Now I don’t have a strict mantra that I live my life by. But, and call me old fashioned here, the rule of ‘never drink an unknown liquid from an unmarked glass bottle found at the back of the kitchen cupboard’ has served me well thus far…
But then again, they do say that some rules are meant to be broken…
If you’ve been fortunate enough to dodge me chewing your ear off about the extensive house renovations we’ve lived through this year (a minor miracle and congratulations to you), you may not know that we moved out of the family home for a 5 month stint of building works. With the timeline unexpectedly slipping (or expectedly slipping, depending on how much experience you have in these matters) we hit ‘worst case scenario’ when, a couple of months in to the project, I ran out of the gin supplies that I had stashed at my in-laws where we were staying!
To be more precise perhaps, I was down to a small box of gin miniatures that I’d grabbed during a hasty exit and not revisited in sometime. I peered inquisitively in to the trove of treasures, unsure of what I may uncover. And after rifling for a few seconds, was greeted by an unexpected sight; a 50ml sample bottle, devoid of any labelling except for a small handwritten sticker marked ‘Clydesdale’…
There was a real vibe of ‘Alice in Wonderland’ to the whole situation – and not least because I was wearing a little blue dress and knee high white stockings. In fact, the only thing missing from the little vessel was a label instructing ‘Drink Me’. But fear not dear reader, this wasn’t my first rodeo, and such guidance was not needed here. Though to be fair, given the gravity of the situation, it may as well have said ‘break glass in case of emergency’!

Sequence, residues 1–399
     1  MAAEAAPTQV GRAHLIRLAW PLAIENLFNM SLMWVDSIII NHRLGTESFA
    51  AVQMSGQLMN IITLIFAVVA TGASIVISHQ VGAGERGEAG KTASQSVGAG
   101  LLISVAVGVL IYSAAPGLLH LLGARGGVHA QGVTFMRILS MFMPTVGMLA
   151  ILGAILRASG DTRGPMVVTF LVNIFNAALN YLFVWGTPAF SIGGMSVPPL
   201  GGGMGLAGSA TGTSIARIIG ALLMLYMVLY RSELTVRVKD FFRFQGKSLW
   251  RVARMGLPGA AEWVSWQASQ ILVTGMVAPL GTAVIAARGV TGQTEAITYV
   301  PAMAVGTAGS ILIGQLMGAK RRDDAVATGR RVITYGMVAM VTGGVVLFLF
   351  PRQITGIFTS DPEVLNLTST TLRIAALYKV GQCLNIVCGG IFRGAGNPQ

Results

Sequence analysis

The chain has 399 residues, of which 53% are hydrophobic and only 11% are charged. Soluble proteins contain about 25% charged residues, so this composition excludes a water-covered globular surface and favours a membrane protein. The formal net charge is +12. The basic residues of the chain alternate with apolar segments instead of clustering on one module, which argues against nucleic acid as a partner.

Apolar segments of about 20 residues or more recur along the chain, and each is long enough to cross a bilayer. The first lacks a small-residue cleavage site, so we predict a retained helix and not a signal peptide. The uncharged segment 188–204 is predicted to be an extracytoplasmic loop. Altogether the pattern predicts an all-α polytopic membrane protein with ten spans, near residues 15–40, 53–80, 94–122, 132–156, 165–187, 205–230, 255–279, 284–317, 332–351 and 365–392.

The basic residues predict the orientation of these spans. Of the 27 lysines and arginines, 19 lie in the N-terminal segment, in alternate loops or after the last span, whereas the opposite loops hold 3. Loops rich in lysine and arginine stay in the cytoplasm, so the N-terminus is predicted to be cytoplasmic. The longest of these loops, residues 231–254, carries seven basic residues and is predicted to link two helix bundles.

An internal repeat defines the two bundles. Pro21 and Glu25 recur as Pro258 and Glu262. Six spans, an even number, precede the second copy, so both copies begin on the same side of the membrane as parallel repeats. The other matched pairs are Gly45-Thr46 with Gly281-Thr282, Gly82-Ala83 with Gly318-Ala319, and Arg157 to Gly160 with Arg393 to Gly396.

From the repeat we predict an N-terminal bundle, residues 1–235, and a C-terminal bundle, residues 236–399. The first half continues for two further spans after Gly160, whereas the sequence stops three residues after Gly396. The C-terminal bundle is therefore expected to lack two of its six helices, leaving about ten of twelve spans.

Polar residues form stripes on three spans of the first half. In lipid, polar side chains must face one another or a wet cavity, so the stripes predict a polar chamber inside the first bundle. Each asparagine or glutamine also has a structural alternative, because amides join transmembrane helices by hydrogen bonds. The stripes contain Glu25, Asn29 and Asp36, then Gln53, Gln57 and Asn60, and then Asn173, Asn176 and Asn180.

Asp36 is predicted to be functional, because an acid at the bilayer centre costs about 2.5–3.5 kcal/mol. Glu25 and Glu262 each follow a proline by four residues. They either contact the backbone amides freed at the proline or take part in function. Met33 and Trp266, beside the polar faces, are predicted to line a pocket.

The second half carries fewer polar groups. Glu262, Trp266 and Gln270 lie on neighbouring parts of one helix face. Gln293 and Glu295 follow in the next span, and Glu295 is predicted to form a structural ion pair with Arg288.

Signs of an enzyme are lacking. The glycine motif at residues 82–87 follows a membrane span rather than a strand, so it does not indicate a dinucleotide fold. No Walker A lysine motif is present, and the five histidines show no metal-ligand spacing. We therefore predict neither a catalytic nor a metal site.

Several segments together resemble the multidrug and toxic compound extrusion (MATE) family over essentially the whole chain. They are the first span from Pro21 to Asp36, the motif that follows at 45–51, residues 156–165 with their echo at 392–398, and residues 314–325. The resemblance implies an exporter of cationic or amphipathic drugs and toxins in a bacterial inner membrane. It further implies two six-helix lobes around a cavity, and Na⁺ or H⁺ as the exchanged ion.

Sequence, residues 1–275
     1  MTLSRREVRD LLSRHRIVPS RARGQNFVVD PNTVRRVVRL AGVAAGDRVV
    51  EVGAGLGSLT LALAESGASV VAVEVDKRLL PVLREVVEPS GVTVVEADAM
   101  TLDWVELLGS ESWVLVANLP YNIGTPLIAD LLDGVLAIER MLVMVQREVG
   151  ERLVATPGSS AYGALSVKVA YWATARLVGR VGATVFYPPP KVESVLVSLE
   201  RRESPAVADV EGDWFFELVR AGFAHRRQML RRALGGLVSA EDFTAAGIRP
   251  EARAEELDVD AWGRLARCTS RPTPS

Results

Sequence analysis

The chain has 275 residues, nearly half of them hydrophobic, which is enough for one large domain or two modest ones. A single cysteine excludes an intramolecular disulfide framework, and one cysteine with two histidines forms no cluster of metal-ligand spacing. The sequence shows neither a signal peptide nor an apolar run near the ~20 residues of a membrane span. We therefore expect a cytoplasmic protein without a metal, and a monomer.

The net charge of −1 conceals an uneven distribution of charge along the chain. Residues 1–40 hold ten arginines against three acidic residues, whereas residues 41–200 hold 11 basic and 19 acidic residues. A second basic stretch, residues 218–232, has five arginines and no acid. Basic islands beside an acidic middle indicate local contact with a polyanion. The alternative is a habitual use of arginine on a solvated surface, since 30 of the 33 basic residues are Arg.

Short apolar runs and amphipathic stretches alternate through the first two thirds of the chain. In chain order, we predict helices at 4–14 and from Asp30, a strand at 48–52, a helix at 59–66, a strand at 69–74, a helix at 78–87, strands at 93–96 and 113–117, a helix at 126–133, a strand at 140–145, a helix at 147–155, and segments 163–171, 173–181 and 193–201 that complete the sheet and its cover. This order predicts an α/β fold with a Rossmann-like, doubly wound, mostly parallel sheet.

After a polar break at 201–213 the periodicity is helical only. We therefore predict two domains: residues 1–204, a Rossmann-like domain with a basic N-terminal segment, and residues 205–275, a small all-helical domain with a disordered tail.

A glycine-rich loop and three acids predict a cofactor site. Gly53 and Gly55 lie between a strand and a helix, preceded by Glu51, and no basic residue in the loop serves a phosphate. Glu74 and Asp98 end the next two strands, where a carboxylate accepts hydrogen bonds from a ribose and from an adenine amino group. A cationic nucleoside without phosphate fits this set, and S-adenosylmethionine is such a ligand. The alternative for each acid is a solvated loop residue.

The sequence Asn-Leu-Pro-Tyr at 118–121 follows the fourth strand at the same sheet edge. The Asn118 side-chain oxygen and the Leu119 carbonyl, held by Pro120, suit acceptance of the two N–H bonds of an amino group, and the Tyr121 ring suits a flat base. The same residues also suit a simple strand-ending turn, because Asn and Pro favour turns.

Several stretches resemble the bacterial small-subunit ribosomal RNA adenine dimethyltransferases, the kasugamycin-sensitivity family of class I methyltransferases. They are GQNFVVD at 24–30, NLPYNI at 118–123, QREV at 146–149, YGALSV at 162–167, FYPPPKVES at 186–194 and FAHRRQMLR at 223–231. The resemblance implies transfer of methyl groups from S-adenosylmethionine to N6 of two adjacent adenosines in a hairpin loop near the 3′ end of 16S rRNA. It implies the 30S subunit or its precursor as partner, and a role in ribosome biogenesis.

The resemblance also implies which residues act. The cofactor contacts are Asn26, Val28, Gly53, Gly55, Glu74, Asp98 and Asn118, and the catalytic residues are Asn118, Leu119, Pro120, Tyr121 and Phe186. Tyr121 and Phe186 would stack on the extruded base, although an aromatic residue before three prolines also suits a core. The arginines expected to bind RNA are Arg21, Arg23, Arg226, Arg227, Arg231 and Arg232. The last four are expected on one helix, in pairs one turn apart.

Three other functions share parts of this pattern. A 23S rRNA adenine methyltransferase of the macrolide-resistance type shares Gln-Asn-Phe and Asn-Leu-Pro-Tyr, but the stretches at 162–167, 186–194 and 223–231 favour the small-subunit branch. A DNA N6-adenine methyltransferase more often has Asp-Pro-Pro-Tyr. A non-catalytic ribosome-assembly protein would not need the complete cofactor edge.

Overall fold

Throwing caution to the wind, I removed the small stopper and poured.
I didn’t know it yet, but the potion I was about to taste wouldn’t cause me to shrink like Alice. But it would ironically introduce me to a distillery that are small in name, but big in heart. Welcome to The Wee Farm Distillery, where a warm welcome awaits…
Old McKerr had a (Wee) Farm (Distillery)
Nestled away on the McKerr family’s small livestock farm, in the Scottish village of Climpy, The Wee Farm Distillery was established in March 2018 and is the first micro distillery in South Lanarkshire.
This is a one woman operation, run by the enigmatic whirlwind that is Jenny McKerr, along with her husband and three daughters.
Now, most farms are known for filling bottles with milk. But ‘Old Mc’Kerr’ opts to fill her bottles with something a little stronger, more juniper led and certainly not semi-skimmed! All of the gins are distilled by Jenny and her good mate Morag – though that’s ‘Morag II’ to you and I, the teams copper still responsible for double distilling a host of traditional botanicals with a native twist. All batches of Wee Farm spirits are then bottled and labelled on the farm for their onward journey.
Clydesdale Gin; ‘Hello, I’m late!’
Returning to the aforementioned anonymously labelled bottle, it took me a while to wrack my brains as to where the sample had came from…until I remembered it being kindly gifted by an enthusiastic Jenny at the Scottish Gin Awards 2019!